William Boddis

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William was born in Wolverhampton on 1 September 1885, the son of Solomon and Patience Boddis. They were living at 92 Wednesfield Road, Wolverhampton, in 1901, along with William’s sister, Hannah. William was working as a commercial clerk. They were at 13 Springfield Road, Wolverhampton, by 1911, and William was a tailor and dealer. Later that year, he married Gertrude G. Blakemore in Wolverhampton, and the couple had four children – twins Mary and Maud (1912), William A. J. (1923) and Arthur B. (1924).

William does not appear to have done any military service during the First World War, but served as a special constable locally in Wolverhampton. By 1939, he was living with his wife and family in Blackpool, working as an engineer gauge maker and coach booking clerk. Gertrude died in 1940, and William remarried, to a Mabel Hallam, in Blackpool in 1953. William himself died in Blackpool on 15 November 1954. The value of his effects was £561 12s. 11d.

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Deborah Burton

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The daughter of Tom and Deborah Westwood, Deborah was born in Wolverhampton on 5 November 1889. In 1901, she was living with her parents at 29 Wednesfield Road, Wolverhampton, along with her siblings Tom William, Dennis, Ina and Lizzie. They were at 153 Wednesfield Road by 1911, with an additional child, Eileen. Deborah was now working as an elementary school teacher.

From Jun 1917 onwards, Deborah (whose address was now 60 Wednesfield Road), served as a nurse with the British Red Cross. She also helped out by sewing at the Soldiers Wards at the Wolverhampton General Hospital.

Deborah married Joseph W. Burton in Wolverhampton in 1918. The couple had four children – Dennis W. (1920), Sheila D. (1923), Michael J. (1931) and Mary P. (1935). By 1939, the family were living at 19 Oxbarn Avenue, Wolverhampton. Deborah died in Wolverhampton in 1962.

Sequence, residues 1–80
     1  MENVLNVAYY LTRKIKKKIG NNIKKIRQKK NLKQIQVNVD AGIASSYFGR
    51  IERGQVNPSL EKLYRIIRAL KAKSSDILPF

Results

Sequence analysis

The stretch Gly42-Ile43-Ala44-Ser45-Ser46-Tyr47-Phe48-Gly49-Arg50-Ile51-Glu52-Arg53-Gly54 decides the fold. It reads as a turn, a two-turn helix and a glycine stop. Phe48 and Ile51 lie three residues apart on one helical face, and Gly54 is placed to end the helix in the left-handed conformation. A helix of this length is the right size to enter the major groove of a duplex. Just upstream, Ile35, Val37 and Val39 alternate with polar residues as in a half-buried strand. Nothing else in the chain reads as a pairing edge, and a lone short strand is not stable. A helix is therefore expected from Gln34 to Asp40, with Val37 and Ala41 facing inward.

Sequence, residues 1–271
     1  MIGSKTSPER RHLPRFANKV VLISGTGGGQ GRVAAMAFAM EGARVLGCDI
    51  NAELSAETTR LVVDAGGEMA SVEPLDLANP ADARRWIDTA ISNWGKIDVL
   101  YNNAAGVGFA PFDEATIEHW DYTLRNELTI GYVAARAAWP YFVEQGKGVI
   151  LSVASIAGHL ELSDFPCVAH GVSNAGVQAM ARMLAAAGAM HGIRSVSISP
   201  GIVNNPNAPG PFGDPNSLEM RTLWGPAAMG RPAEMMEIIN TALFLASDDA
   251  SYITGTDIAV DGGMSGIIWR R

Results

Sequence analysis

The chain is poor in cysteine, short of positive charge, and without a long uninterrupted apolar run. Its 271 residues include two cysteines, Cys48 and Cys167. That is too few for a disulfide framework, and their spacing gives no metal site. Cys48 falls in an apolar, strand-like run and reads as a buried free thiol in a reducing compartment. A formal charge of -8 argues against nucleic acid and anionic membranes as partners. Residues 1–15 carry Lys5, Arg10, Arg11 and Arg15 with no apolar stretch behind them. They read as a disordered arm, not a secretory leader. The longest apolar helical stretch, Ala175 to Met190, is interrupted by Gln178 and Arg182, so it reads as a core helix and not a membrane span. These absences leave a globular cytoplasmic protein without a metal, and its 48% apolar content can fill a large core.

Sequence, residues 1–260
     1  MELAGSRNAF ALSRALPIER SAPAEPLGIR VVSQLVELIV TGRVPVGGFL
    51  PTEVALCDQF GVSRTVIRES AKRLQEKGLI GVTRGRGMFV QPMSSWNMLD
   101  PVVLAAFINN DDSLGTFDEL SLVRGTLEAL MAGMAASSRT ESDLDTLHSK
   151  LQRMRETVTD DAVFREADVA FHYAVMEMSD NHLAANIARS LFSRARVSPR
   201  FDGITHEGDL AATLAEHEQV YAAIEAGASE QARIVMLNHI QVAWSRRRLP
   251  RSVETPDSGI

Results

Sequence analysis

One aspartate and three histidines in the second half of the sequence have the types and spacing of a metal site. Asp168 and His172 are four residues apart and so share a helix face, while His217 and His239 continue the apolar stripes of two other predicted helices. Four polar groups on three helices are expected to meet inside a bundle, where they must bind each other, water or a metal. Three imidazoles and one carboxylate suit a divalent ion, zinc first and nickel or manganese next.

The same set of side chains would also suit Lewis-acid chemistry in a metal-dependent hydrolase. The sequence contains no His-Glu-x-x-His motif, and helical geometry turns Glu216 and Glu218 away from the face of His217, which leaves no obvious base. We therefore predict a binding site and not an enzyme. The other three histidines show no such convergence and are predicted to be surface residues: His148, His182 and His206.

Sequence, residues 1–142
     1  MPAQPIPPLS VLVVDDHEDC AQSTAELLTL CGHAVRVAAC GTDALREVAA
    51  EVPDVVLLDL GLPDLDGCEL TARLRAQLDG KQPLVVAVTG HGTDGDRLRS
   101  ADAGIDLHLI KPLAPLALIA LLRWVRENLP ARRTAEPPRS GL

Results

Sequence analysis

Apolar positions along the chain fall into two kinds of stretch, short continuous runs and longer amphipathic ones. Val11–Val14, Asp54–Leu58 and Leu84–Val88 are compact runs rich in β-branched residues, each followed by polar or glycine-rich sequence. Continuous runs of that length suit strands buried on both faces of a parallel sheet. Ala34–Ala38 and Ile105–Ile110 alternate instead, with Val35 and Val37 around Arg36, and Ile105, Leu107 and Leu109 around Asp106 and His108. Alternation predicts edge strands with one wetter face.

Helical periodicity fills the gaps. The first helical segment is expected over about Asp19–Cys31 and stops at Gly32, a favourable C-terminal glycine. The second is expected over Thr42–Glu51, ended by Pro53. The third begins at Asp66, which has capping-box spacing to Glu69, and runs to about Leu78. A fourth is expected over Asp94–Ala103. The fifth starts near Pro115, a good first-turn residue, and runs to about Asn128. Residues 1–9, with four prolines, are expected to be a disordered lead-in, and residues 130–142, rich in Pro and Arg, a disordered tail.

William Henry Barnsley

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The son of Jonathan and Harriet Barnsley, William was born in around 1885. They were living at 11 Free Street, Bilston, in 1901, along with William’s siblings Harry and Matilda. William was an iron worker and assistant solder. They were living at No 7B, 11 Greencroft, The Square, Bilston, by 1911, and William was working as a packer.

William enlisted in the 1st Battalion of the South Staffordshire Regiment (number 6484). He was killed in action on 31 August 1916. He is buried at Delville Wood Cemetery in France, and remembered on the Bilston Town Hall Ward Roll of Honour.

James Thomas Rabone

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James (later mainly known as Thomas) was born in Wolverhampton in 1877, the son of James and Margaret Rabone. They were living at 38 Heath Street, Heath Town, Wolverhampton, in 1901, along with Thomas’s siblings Florence, William, Mary, Lucy and Martha. Thomas was working as a maltster. He married Agnes Welch in Wolverhampton in 1902, and by 1911 they were living at 20 Heath Street with their three children – Florence, Thomas and Agnes.

Thomas enlisted in the 7th Service Battalion of the South Staffordshire Regiment (number 40166). He was wounded, and died of these wounds on 25 May 1918 in Belgium. He is buried at the Philosophe British Cemetery, Mazingarbe, in France, and remembered on the memorial at Heath Park.

Percival Harold S. Cadman

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The brother of George, Percival was born in Wolverhampton in 1893.

On 10 April 1916, he enlisted as a Gunner with the Royal Field Artillery (number 13451), when his trade was given as Side Car Fitter, and his addres was 22 Trysull Road, Bradmore, Wolverhampton. He served in France, but was wounded in action through gas on 4 August 1917. He later suffered from malaria. He was demobilised on 19 December 1919.

Percy married Annie Wildman in Wolverhampton in 1927.  He died in Wolverhampton in 1957.

Charles Henry Weaver

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weaver-charlesCharles was born in Wolverhampton in 1886, the son of William and Jane Weaver. By 1911, they were living at 32 Powlett Street, Wolverhampton, along with Charles’s siblings Josiah, Albert Edward and Gertrude Alice. Charles was working as a coal merchant’s clerk.

In February 1916, Charles enlisted with the “B” Company of the 1st/6th Battalion of the South Staffordshire Regiment (number 241705). In June 1916 he was sent to the battlefront. He was killed in action on 29 September 1918 in France. The Midland Counties Express carried an article about him on 26 October 1918. Charles was buried in the Bellicourt British Cemetery in France, and is remembered on the memorial of Wolverhampton Higher Grade School, which he presumably attended.